Chemists at the University of Amsterdam (UvA) have discovered a new method for removing cyanide from the waste water of steel mills. The removal of cyanide from such water is expensive but essential. Paula Oulego Blanco, Dr Raveendran Shiju and Prof. Gadi Rothenberg from the UvA’s Sustainable Chemistry research priority area discovered a way to do this faster, cheaper and more efficiently.
Rothenberg: ‘Society needs more and more steel. In 2014, the worldwide production of steel was a staggering 1.6 billion tons. Any improvement in the production process results in a benefit to the environment. Our new catalyst enables a simple, efficient and safe removal of cyanide from the steel waste water.'
The group first tested the new catalyst in the laboratory using a ‘cocktail’ of simulated waste water. When that proved to be a success, the researchers repeated the experiments and the measurements with waste water from a steel mill. Here, too, they found a reduction of 90%.
The invention pertains to a heterogeneous catalyst. This is a solid material that does not dissolve and is not consumed during the process. This means that a small amount of catalyst can be used to purify large amounts of waste water. The intimate reactions at the catalyst surface are still unknown, as is the case in many solid-catalysed reactions.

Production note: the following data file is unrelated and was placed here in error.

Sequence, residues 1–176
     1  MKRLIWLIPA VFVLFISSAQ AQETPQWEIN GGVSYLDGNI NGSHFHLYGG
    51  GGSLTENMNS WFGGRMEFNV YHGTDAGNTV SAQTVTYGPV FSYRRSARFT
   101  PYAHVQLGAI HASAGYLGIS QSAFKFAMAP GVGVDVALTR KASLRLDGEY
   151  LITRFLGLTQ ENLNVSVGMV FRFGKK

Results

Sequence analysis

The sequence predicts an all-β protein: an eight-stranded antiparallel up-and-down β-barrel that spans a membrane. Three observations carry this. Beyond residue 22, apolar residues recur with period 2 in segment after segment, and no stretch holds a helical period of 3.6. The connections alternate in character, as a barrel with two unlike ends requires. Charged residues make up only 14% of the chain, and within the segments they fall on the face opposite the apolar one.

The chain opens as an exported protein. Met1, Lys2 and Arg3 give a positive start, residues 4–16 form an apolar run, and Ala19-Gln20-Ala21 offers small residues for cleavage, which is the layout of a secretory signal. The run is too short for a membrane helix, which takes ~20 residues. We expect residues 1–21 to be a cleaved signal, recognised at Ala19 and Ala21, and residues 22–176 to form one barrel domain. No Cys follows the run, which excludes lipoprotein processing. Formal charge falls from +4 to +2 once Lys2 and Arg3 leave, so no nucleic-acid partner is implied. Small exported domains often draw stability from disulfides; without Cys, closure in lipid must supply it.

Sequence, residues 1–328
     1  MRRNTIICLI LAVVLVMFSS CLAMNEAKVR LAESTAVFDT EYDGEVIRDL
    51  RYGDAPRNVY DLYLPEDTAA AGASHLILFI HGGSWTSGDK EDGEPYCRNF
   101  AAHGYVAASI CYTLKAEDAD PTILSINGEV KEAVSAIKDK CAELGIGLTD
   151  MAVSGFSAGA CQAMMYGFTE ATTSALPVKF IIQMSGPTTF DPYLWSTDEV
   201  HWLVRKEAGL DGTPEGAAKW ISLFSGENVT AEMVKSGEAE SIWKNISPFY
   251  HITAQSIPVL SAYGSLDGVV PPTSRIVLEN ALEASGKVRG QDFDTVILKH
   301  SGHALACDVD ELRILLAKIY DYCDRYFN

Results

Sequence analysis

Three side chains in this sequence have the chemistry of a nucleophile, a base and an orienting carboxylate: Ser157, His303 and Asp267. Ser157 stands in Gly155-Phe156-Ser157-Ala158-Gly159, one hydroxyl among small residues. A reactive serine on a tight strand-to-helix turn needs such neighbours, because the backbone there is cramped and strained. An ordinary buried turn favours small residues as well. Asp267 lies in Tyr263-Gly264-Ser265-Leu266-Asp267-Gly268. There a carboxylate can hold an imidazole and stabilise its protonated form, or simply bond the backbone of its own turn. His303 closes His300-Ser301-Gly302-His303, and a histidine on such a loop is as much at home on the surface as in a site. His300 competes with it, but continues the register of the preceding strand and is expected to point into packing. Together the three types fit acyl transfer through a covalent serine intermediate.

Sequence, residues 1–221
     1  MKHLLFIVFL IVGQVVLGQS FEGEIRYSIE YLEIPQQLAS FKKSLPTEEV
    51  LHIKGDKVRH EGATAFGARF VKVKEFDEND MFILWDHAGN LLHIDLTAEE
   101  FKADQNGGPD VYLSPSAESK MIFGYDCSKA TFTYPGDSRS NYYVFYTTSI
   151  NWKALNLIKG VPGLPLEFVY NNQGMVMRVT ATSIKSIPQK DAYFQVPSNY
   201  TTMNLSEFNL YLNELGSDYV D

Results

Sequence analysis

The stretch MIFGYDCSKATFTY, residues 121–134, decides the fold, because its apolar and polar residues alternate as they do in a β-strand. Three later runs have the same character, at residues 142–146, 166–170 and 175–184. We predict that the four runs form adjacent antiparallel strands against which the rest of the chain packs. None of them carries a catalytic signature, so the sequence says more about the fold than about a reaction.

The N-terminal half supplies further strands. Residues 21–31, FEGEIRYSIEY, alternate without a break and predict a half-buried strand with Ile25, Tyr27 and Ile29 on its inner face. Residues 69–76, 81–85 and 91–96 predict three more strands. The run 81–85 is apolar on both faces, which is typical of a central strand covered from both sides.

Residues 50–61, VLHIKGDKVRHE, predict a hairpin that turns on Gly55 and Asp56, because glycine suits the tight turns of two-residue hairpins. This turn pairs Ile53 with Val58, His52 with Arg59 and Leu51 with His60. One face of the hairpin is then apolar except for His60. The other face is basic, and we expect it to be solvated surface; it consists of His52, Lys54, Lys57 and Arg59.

The UvA has filed a patent application that will be made available to the steel-making industry. Rothenberg's research group has patented several different catalysts over the past few years. Some of these are now applied by the chemical industry, while others form the basis for start-up companies or bilateral collaborations.
Steel is one of the most widely used materials on earth. Its ubiquity in everyday life makes its absence almost unimaginable. The production of steel has an impact on the environment, and steel-making companies are continuously trying to improve their environmental performance and invest in new technologies to achieve this goal.